Today's Bible Reading: 1 Corinthians 11
Selected Biblical Text
23 For I received from the Lord what I also passed on to you: The Lord Jesus, on the night he was betrayed, took bread, 24 and when he had given thanks, he broke it and said, "This is my body, which is for you; do this in remembrance of me." 25 In the same way, after supper he took the cup, saying, "This cup is the new covenant in my blood; do this, whenever you drink it, in remembrance of me." 26 For whenever you eat this bread and drink this cup, you proclaim the Lord's death until he comes. 27 So then, whoever eats the bread or drinks the cup of the Lord in an unworthy manner will be guilty of sinning against the body and blood of the Lord. 28 Everyone ought to examine themselves before they eat of the bread and drink from the cup. 29 For those who eat and drink without discerning the body of Christ eat and drink judgment on themselves. (1 Cor. 11:23-29 NIV)
Reflecting and Thinking
The Corinthian church also struggled with questions related to worship: what is proper, how does one dress, questions of style and fashion and personal grooming customs, sharing the Lord's Supper, and the use of spiritual gifts in worship.
Today's selected text focuses on how some abuses surrounding the Lord's Supper reflected the division at Corinth. Some (richer?) Christians were apparently arriving early and partaking of the Supper and the love feast as part of a limited group of believers. The focus was more on the fellowship meal than on the Supper, perhaps hurrying through the latter in order to eat the former before the poorer members arrived. Paul says that such an attitude demeans and even negates the Lord's Supper. The meaning of the Supper is not only vertical--it is also horizontal. The remembrance of the Supper demands recognition of the body of the Lord--most likely referring to both the physical body and the spiritual body the church. The Supper reminds us that the body is many members, and that all are needy at the foot of the cross. Therefore, Paul says we are to wait for one another and participate together.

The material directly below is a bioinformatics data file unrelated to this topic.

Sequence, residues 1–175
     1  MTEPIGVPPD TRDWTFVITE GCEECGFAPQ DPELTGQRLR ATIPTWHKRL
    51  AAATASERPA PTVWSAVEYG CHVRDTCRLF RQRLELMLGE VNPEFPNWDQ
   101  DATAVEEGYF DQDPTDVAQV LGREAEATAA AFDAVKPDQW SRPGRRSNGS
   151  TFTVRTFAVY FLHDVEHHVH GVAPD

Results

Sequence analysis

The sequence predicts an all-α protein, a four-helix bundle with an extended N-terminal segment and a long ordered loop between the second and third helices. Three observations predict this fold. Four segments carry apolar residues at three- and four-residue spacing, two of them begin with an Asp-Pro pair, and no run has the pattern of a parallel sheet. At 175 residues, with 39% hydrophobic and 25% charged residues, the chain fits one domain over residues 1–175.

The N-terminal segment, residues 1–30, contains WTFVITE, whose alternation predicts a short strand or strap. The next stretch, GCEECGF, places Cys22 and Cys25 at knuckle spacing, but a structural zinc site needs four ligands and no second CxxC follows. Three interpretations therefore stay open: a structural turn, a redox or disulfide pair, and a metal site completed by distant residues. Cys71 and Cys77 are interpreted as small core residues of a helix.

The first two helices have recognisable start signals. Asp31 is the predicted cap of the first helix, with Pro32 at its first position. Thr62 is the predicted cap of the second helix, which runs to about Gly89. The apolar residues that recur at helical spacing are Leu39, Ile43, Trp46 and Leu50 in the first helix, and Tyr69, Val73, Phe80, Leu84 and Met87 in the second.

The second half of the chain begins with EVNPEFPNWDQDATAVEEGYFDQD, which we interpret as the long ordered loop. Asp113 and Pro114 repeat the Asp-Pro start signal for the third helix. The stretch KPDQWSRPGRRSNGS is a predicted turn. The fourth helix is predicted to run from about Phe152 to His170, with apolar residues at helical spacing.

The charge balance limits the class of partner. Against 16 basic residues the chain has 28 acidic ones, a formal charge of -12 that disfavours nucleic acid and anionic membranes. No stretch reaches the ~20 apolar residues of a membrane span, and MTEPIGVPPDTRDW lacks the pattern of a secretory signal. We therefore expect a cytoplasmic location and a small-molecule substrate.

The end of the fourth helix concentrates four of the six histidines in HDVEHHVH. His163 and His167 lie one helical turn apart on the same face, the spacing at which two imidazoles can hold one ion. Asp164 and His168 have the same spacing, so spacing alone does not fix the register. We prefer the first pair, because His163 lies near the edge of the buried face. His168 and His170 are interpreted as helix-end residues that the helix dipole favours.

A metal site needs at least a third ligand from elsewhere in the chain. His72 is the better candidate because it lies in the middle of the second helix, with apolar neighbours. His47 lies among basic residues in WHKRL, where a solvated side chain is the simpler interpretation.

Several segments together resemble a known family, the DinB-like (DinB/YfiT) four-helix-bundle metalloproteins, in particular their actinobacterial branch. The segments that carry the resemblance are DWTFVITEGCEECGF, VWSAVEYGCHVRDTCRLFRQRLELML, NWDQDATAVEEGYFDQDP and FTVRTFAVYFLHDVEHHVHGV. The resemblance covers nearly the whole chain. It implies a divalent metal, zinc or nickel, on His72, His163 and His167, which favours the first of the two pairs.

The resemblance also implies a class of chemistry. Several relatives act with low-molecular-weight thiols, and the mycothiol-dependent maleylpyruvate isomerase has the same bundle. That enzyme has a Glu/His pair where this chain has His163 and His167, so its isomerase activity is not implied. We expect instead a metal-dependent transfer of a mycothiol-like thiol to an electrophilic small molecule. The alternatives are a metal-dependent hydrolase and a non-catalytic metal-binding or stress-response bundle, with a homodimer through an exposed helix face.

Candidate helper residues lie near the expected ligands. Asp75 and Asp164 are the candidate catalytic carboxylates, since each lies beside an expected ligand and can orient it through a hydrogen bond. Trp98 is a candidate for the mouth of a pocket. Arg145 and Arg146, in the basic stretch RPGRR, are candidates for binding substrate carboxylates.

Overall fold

Does the observance of the Lord's Supper in the contemporary church fail to bind the spiritual body together? How could this part of the worship assembly help the church recognize and celebrate its unity? In what ways is the usual method of celebration of the Supper exclusive? How could the Supper be more inclusive? Should it be? How could the Supper be less individual-focused and more fellowship-focused? On a scale of 1 to 10, how much like or unlike the Lord's Supper in the first century church is the observance in most churches today?
Dear Father God, we want our shared worship to glorify you and honor you and your Son, Jesus Christ. We do not intend to call attention to ourselves; forgive us when we do. In our heart of hearts, we want to be bound more closely together as the body of Christ going forth as your presence into this world. Help us learn acceptance and forgiveness around the Table, as you have forgiven us. Help us see our neediness and frailty, and help us appreciate the forgiveness you have extended as you unite us in the body of Christ on earth. We pray in Jesus' name, Amen.